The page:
Screen time and your children’s health

04.23.14 |

Negative consequences for children's health from screen time

Recently, Reuters highlighted a study published in JAMA Pediatrics that found a correlation (not to be confused with causation) between children spending more time in front of screens and poor wellbeing.

This is not necessarily a new idea or a new line of research. In fact, the Reuters piece notes that other studies have also observed that screen time—on cell phones, computers, televisions—could have negative consequences for children’s health, specifically their quality of sleep and their weight.

But before we begin to assign blame, consider these comments from the authors of the studies:

“We really need to do a little bit more digging in this area before we can answer some of the basic questions,” Trina Hinkley, a research fellow at the Center for Physical Activity and Nutrition Research at Deakin University in Melbourne, said when asked by Reuters Health what specific factors might explain the link between screen time and poor wellbeing in children.

“At this point we can say there is an association but we cannot say exactly why,” said Stacey Tiberio, the lead author of a study that found a link between monitored media use (television and video games) and lower rates of obesity.

How television viewing can affect our children’s health—and even our health as adults—is complicated because of a variety of variables.

To start, watching television often means watching commercials, and commercials often feature sugary cereals, candy, alcohol, and promotions for fast food chains. Repeated exposure to these advertisements could lead to you later making unhealthy eating choices. Furthermore, the content and delivery of television programming can contribute to hyperactivity, depression, a lack of selective attention, and negatively impact sleep patterns.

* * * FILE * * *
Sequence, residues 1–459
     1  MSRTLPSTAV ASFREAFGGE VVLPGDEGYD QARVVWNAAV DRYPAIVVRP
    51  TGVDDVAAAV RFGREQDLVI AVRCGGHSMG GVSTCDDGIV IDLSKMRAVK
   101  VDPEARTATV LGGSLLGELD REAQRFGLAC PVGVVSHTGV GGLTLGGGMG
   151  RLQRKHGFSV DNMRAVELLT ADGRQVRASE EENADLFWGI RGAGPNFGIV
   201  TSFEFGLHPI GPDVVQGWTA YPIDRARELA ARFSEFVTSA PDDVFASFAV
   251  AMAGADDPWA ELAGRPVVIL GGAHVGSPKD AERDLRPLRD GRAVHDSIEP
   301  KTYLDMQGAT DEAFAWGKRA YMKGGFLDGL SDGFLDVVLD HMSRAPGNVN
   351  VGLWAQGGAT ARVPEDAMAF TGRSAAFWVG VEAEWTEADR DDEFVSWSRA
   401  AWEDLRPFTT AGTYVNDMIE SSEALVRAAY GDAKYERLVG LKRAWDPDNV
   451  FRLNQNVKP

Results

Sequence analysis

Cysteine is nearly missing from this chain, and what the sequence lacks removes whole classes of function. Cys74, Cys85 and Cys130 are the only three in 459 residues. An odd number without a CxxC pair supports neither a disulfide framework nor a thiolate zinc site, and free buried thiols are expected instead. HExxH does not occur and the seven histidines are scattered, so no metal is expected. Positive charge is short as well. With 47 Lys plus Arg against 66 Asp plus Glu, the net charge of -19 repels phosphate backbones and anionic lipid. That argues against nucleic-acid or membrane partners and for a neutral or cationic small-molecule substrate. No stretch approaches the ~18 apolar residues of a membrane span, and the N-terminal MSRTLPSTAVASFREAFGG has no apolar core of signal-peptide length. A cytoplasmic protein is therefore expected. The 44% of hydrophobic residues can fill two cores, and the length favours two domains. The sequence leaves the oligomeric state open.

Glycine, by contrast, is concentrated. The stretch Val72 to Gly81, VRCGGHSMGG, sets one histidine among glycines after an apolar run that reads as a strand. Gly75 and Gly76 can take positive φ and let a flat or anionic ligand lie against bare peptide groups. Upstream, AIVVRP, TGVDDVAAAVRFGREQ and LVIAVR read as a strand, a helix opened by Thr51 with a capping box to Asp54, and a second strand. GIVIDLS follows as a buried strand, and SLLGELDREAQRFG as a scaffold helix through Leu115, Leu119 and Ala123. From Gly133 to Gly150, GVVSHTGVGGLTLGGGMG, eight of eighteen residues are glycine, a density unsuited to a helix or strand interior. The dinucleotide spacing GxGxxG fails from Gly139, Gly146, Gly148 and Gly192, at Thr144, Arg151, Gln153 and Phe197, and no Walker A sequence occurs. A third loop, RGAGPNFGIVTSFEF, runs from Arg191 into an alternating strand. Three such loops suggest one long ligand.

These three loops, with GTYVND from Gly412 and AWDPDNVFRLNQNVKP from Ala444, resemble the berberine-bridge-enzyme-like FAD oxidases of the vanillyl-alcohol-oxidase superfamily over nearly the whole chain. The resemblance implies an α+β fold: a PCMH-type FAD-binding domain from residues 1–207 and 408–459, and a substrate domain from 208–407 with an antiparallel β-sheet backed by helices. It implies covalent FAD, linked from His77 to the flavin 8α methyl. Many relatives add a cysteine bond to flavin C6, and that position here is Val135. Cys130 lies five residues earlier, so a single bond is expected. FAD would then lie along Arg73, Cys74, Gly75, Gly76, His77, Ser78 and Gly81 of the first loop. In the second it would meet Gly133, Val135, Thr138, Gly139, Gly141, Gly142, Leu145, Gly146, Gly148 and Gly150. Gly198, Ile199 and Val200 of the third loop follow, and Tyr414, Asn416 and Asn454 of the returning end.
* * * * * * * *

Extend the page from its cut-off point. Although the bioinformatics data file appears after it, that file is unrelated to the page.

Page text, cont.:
Alternatively, if you are playing on Facebook or trying to rescue Princess Peach in the latest edition of Mario, you probably aren’t going for a walk or participating in any other number of healthy activities in that time.

At young ages, when we are quite impressionable, it’s not surprising that the habit of watching television for hours a day later extends into adulthood. Coming home and sitting down on the couch only to move when we crawl up the stairs to bed can easily become our routine, our way of life. When you establish this pattern in children, learning that challenges with obesity and all of its inactivity-related health complications are a consequence should not be a shock.

Watching television is not inherently unhealthy; it’s how we choose to structure our lives around television viewing and what extended television-viewing exposes us to. Video games are not inherently unhealthy either. In fact, some studies suggest that video games can actually have health benefits like enhanced problem solving. But eating chocolate has health benefits, too. Just like eating too much chocolate can create health problems, so too can spending too much time parked in front of a screen.

Instead of barring your children from using computers or playing video games, focus on helping them create a lifestyle that champions healthy activity. Encourage them to play outside. Encourage them to pick up hobbies that involve physical activity, like basketball or soccer. If they are indoors, encourage activities like playing with Legos or drawing to keep them from getting sucked into a marathon of reruns.

If you can lead them to a life of variety, where they are just as interested in shooting hoops with friends as they are in shooting bad guys in a video game, you can help them to avoid Habits of Disease and instead build Habits of Health that last.